This publication is also available online in a web-accessible version at https://pub.norden.org/temanord2023-506.
This report is part of a collaboration between the Swedish Women’s Lobby (SWL), The Coalition of Finnish Women’s Associations NYTKIS and The United Federation of Workers in Denmark 3F and is funded by the Nordic Gender Equality Fund, a co-operation body under the Nordic Council of Ministers. In order to ensure the quality of this report, experts from five Nordic countries were invited to participate in a reference group that has been consulted throughout the work process. The expert group also contributed to the data collection.
Author: Jenny Andersson, Policy Advisor labor market and social insurance, Swedish Women´s Lobby. Data collection and calculations have been made in cooperation with Lena Johansson, expert in gender statistics.
Special thanks to members of expert group:
Thanks also to members of the project group:
All the Nordic countries have high rates of female employment and are often ranked among the most gender-equal countries in the world. Nevertheless, there exists a gap between women’s and men’s pensions in all these countries. This results in women having a higher risk of poverty than men and a decreased possibility for women to be self-supporting after retirement.
The size of the gender pension gap varies considerably between 28% in Sweden and 5% in Iceland. The main explanation for the gender pension gap in all the Nordic countries is differences in labor force participation between women and men, unequal distribution of paid and unpaid work, and wage differences. However, these differences do not explain why the gender pension gap varies substantially between the Nordic countries. Rather, the explanatory factor is the diverse designs of the Nordic pension systems. The main distinction is between systems that are mainly earnings-based, such as the systems in Finland, Norway and Sweden on the one hand, and the systems in Denmark and Iceland on the other, in which all or a high proportion of the public pension is non-contributory.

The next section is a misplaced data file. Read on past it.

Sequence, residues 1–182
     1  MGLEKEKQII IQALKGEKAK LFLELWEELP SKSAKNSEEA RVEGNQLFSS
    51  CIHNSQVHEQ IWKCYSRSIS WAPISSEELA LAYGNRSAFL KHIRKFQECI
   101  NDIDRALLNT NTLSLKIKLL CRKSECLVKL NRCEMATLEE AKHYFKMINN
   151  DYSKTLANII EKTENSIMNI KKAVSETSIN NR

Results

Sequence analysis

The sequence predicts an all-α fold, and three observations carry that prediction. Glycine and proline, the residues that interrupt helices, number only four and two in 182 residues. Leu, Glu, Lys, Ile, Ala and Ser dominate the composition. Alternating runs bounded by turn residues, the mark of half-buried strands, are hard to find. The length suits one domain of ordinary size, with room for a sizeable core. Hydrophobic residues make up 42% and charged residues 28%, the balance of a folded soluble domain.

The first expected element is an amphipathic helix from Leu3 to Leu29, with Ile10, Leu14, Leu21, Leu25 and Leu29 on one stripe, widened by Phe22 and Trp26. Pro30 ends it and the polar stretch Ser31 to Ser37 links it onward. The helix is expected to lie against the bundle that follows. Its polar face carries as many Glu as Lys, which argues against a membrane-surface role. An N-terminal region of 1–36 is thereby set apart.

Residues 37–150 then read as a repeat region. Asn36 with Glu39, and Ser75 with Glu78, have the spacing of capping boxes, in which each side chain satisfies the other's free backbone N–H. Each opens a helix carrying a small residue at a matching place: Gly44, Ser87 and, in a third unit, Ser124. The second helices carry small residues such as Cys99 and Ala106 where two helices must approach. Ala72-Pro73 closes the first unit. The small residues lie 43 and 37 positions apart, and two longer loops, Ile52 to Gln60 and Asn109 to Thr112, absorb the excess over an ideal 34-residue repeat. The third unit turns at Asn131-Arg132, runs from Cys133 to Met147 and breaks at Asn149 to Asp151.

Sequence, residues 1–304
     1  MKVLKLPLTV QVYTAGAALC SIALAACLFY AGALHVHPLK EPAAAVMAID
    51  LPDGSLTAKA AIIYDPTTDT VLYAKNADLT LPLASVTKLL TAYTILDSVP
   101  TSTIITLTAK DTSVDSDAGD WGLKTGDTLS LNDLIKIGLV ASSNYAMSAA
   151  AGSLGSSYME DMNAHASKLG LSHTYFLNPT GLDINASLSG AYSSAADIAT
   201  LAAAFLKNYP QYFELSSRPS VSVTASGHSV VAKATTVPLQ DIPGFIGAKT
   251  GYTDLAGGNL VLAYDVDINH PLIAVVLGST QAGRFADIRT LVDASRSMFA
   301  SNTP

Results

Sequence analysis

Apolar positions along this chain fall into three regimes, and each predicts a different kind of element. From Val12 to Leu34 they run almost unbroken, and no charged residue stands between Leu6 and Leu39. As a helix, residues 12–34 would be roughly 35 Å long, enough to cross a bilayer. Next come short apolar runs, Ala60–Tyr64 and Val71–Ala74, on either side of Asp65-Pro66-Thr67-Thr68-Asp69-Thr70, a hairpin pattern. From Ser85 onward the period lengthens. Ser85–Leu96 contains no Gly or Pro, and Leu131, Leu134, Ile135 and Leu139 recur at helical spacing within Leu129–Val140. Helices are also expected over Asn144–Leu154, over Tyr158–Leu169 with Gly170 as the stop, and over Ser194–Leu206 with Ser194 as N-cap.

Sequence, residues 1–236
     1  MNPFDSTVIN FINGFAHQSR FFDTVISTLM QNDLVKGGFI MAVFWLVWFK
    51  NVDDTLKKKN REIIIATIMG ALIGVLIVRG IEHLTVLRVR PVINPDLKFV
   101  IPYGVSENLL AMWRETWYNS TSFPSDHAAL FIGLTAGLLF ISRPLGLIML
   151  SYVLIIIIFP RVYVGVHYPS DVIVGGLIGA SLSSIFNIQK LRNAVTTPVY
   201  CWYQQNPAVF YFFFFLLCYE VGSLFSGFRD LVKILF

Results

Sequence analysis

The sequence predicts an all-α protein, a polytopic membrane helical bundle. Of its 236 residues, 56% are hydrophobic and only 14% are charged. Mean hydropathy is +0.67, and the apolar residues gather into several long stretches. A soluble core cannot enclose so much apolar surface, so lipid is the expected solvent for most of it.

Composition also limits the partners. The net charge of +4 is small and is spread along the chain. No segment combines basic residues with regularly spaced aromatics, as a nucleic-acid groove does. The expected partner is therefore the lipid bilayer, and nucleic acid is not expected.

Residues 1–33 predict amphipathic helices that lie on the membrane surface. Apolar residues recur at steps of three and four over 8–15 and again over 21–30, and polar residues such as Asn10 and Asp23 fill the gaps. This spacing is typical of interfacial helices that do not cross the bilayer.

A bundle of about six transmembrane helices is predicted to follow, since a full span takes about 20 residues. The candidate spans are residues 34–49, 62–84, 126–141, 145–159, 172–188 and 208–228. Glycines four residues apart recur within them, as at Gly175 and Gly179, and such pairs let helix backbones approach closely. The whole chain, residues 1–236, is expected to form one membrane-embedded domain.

Reforms outside the pension system are needed to equalize the distribution of paid and unpaid work between women and men. Such reforms take time and their impact towards pensions is delayed in time. This report shows that there exists multiple possible strategies and concrete measures to reduce the pension gap in the short term. Many of these strategies and measures are already in place in the Nordic countries but could be developed further. The Nordic countries would also benefit from learning from each other’s successful strategies for gender equal pensions.
Non-contributory benefits reduce the gender pension gap in all the Nordic countries. Furthermore there is a correlation between the relative level of non-contributory benefits and the number of women over 65 years of age at risk of poverty. The gender pension gap is substantially lower in Denmark and Iceland where a higher proportion of the total pension is derived from non-contributory benefits compared to the other Nordic countries. Deciding on the desired level of non-contributory benefits means balancing incentives to work and the desired connection between earnings and future pensions on the one hand, and values such as equality and protecting all pensioners from poverty on the other. However, all the Nordic countries have high employment rates among women, regardless of the level of such benefits. Data presented in this report does not reveal any clear pattern between the level of non-contributory benefits and employment rates and levels of part-time work among women. However, these issues are complex and should be analyzed further.
In particular in systems where the link between earnings and future pension is strong, career breaks or reduction in work hours, which are more common among women, may significantly impact pensions. Women can be compensated through pension credits for income loss due to circumstances such as child care. All the Nordic countries offer some form of compensation for care work, although the level of compensation differs. In Sweden and Norway, child credits are important in reducing the gender pension gap, but also create a disincentive to share the burden of care equally between parents. Child care is however not the only reason why women work part-time; many women also struggle to find full-time employment. Finding ways to better compensate for involuntary part-time work would benefit women. Another example of compensation that benefit women are pension credits for studies.